But are these benefits real, or just the effect of wellness wishful thinking? Studies have proven yoga’s effect on the vagus nerve, the longest of our cranial nerves, which runs from our brains through our lungs to our gut. It’s responsible for both our sympathetic nervous system—the one that puts us in “fight or flight” mode at the first sign of danger—as well as the parasympathetic nervous system, the one that tells us to “rest and digest” so to speak.

High “vagal tone” means your body is good at switching between these states; in other words, you’re able to come down from your constant state of alert once in while. And studies have shown that regular yoga practice increases vagal tone. Though the mechanism is not well understood, yoga practice can lead to “parasympathetic dominance and enhanced cardiac function, mood, and energy states.”

Within the practice of yoga, inversions—any pose where your heart is higher than your head—are believed to stimulate the vagal nerve. While legs up the wall isn’t quite as ambitious as a headstand, is still counts as an inversion. Sometimes if your brain can’t relax, you can get your body can do it for you.

You can do viparita karani anywhere, from a hotel room or a gym to your bedroom or at the base of a tree. It’s the literal opposite of sitting, which can’t be bad, and offers the grounding effect maybe urbanites crave. Personally, I also find that inverting my literal point of view for a few minutes can have the curious effect of changing my perspective about something else I’m thinking about.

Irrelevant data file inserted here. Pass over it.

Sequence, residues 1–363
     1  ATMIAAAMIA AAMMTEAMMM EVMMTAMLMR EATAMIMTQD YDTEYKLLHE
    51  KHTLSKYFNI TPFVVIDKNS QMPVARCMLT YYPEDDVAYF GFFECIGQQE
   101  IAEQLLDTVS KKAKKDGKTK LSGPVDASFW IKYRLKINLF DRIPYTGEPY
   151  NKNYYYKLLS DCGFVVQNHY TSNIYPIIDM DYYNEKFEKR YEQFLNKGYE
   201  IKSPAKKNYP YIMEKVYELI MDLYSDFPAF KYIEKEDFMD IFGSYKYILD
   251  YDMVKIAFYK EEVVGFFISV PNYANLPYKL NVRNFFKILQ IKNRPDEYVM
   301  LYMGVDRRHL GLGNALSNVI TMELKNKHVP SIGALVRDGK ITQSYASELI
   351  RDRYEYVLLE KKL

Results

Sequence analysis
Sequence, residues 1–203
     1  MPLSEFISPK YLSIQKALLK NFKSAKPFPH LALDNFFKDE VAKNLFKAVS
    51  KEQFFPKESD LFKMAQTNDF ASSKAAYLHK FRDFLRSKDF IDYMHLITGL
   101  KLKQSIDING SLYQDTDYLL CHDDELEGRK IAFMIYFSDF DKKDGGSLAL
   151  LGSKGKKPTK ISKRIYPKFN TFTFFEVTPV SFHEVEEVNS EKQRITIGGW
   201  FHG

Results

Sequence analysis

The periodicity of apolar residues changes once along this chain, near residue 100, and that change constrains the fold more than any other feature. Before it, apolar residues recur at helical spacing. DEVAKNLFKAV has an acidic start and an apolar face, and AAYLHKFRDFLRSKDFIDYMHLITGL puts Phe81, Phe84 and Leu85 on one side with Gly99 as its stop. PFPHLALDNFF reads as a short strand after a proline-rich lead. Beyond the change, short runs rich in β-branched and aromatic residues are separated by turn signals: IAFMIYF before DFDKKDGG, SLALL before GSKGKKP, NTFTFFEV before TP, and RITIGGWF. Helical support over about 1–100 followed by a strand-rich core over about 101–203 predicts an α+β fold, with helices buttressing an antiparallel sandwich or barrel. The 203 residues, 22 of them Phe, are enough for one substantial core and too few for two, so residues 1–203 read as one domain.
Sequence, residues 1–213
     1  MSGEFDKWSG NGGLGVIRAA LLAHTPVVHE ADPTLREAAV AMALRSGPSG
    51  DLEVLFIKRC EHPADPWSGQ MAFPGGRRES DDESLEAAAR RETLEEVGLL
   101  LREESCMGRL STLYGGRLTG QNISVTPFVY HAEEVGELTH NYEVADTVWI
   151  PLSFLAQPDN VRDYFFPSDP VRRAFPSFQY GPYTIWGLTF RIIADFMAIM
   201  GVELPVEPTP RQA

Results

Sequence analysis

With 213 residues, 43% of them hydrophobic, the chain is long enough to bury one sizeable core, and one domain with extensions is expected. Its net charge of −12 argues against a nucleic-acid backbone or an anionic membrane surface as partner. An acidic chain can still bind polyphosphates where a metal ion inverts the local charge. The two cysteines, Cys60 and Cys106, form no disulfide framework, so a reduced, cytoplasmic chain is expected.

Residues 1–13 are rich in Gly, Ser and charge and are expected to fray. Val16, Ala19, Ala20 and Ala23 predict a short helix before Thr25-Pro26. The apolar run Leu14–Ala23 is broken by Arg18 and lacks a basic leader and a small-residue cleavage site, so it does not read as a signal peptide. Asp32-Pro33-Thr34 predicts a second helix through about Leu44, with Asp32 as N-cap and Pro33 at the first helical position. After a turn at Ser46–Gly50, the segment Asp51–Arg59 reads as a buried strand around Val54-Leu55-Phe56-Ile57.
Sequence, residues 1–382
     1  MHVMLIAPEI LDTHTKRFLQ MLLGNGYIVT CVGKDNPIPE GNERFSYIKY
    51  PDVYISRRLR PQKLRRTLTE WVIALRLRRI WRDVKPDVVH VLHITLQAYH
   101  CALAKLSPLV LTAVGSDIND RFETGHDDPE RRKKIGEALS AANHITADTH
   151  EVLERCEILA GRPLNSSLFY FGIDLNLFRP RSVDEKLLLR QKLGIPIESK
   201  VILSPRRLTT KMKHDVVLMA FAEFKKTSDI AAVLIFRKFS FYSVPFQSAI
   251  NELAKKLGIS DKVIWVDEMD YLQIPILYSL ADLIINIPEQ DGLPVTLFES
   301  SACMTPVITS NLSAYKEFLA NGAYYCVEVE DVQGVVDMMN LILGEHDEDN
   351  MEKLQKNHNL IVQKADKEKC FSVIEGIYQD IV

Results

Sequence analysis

To do it, lay a blanket or yoga mat out, or lie on a carpet, and sit sideways against the wall. Swing your legs up against the wall while rotating your hips, and lie back. At this point you may have to wiggle to get your sit bones flush with the wall. Your hamstrings shouldn’t feel strained, so if they do, put a little distance between your behind and the wall. If your lower back needs support, you can put a pillow underneath your lower pelvis, as a variation. If it’s comfortable for your head, the blanket you’re lying on should end at your shoulders, so your head lies directly on the floor; the slight elevation of your heart will enhance the inversion’s effects.

Put your hands over your head and do nothing. Repeat.

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